What is Hypoglycemia Unawareness? (Unabridged)


What is hypoglycemia, like, actually?

Part 1: Normal Physiology

Like anything in medicine, to understand what happens when things go wrong, first we have to understand how they work when things go right.

So in a non-diabetic person, when blood glucose (BG) levels drop to about 4.4-4.7 mmol/L80-85 mg/dL, beta cells stop producing insulin. Makes sense, right? This is basically the original “suspend before low” feature. If BG keeps dropping, at about 3.6-3.9 mmol/L65-70 mg/dL two things happen:

  1. Alpha cells in the pancreas start producing glucagon!
  2. The sympathetic nervous system tells our adrenal glands to release epinephrine!

Both of these responses, working simultaneously and synergistically through a bunch of different metabolic pathways, work to raise blood sugar. Broadly speaking, insulin inhibits the mechanisms by which they do this, which is why the body’s first response is to stop insulin production. Glucagon also inhibits the action of any insulin still in the bloodstream, and because of this counterregulation, alpha and beta cells typically are able to work together in perfect harmony to achieve stable and tight BGs in a non-diabetic person (and correct a low without food). I think you guys can probably already tell that when you take beta cells out of the picture and start exogenously administering insulin in a non-physiologic way (as in type 1 diabetes (T1D)), this whole system gets dysregulated, but bear with me. We aren’t done talking about how it normally works yet!

So the glucagon produced from your alpha cells makes its way to the liver. The liver, under normal circumstances, stores about 100g of glucose as long chains called glycogen. Glucagon tells the liver to break down these chains and release the stored glucose into the bloodstream in a dose-dependent manner (aka not all 100g at once).

Meanwhile, our brain and nervous system is noticing what’s happening. One super important thing to know about the brain is that brain cells (neurons), despite consuming about 25 percent of our body’s glucose in a day, do not actually have the ability to store glucose. To put it a little simply, they rely on constant influx of sugar from the bloodstream to keep on firing and thinking and keeping us alive. This is actually the entire purpose of ketones—the brain uses them for fuel in low glucose states (starvation). But that’s a whole other article.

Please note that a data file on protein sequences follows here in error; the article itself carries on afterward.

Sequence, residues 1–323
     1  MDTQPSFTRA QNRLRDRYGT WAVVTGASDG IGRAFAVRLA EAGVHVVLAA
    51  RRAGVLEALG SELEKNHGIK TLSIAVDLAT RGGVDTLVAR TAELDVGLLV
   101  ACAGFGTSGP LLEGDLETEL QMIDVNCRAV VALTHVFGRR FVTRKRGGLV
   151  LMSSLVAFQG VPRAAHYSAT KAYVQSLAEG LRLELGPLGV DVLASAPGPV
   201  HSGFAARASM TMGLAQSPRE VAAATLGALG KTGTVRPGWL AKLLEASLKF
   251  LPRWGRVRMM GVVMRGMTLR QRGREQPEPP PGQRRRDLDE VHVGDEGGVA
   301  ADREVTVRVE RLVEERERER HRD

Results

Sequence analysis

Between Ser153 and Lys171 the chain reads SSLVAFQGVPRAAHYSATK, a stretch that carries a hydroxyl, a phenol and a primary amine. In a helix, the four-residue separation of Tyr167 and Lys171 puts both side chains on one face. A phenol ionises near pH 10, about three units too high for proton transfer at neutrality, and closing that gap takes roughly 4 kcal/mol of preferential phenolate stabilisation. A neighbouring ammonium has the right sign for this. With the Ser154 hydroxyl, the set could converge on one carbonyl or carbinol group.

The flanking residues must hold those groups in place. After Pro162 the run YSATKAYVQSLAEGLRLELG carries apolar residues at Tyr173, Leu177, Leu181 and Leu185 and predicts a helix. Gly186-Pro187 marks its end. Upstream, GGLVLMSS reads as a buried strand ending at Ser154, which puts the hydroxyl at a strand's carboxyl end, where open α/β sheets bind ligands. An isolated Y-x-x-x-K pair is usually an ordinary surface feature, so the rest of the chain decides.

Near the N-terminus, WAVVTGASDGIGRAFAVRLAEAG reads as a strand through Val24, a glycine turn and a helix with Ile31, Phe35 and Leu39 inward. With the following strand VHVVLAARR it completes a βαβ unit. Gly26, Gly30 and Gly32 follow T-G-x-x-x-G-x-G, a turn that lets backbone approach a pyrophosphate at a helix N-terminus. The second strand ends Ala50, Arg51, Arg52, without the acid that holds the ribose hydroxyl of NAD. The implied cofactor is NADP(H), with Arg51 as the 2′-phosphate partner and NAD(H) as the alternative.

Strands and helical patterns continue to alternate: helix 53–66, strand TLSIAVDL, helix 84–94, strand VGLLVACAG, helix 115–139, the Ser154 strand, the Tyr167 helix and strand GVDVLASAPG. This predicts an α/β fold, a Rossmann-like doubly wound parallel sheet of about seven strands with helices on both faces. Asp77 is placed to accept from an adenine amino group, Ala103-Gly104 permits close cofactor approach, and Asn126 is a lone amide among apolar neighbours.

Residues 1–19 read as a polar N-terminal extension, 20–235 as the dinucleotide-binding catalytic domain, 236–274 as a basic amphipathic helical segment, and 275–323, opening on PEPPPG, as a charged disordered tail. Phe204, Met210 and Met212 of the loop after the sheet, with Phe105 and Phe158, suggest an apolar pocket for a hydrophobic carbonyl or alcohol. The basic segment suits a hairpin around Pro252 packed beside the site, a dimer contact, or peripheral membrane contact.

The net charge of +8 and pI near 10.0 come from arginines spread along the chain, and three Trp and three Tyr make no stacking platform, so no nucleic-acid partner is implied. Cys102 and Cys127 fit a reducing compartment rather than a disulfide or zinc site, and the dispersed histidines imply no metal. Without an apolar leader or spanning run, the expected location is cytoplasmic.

What’s important to know for low blood sugars is that when the brain senses that there maybe isn’t enough glucose in its environment, it sends messages through the sympathetic (“fight-or-flight”) branch of our autonomic nervous system to our adrenal glands, telling them to produce epinephrine (adrenaline) and cortisol.

We are all familiar with adrenaline, right? I’m writing this on a plane and during take-off we hit some truly wild turbulence. My heart was beating out of my chest, I started sweating, my hands were shaking and anxious thoughts started racing. That’s a low blood sugar!

Besides giving us all of these warning signs and symptoms telling us that something is wrong, epinephrine basically works the same way as glucagon on the liver, as well as potentiates the action of glucagon itself, raising our blood sugar.

As an aside, the hunger that we feel with a low blood sugar is not what is typically thought of as a part of the classic “fight-or-flight” response, but the research I read for this article seems to suggest that epinephrine is in fact at least partially responsible for this in the normal hypoglycemic response. Additionally, the normal hypoglycemic response does include the production of cortisol, a hormone notorious for stimulating appetite. So however it happens, the sympathetic nervous system also makes us hungry in lows, which is good because that’s how we raise our blood sugar, replenish our liver’s glycogen stores, and make sure our brain gets the glucose it needs.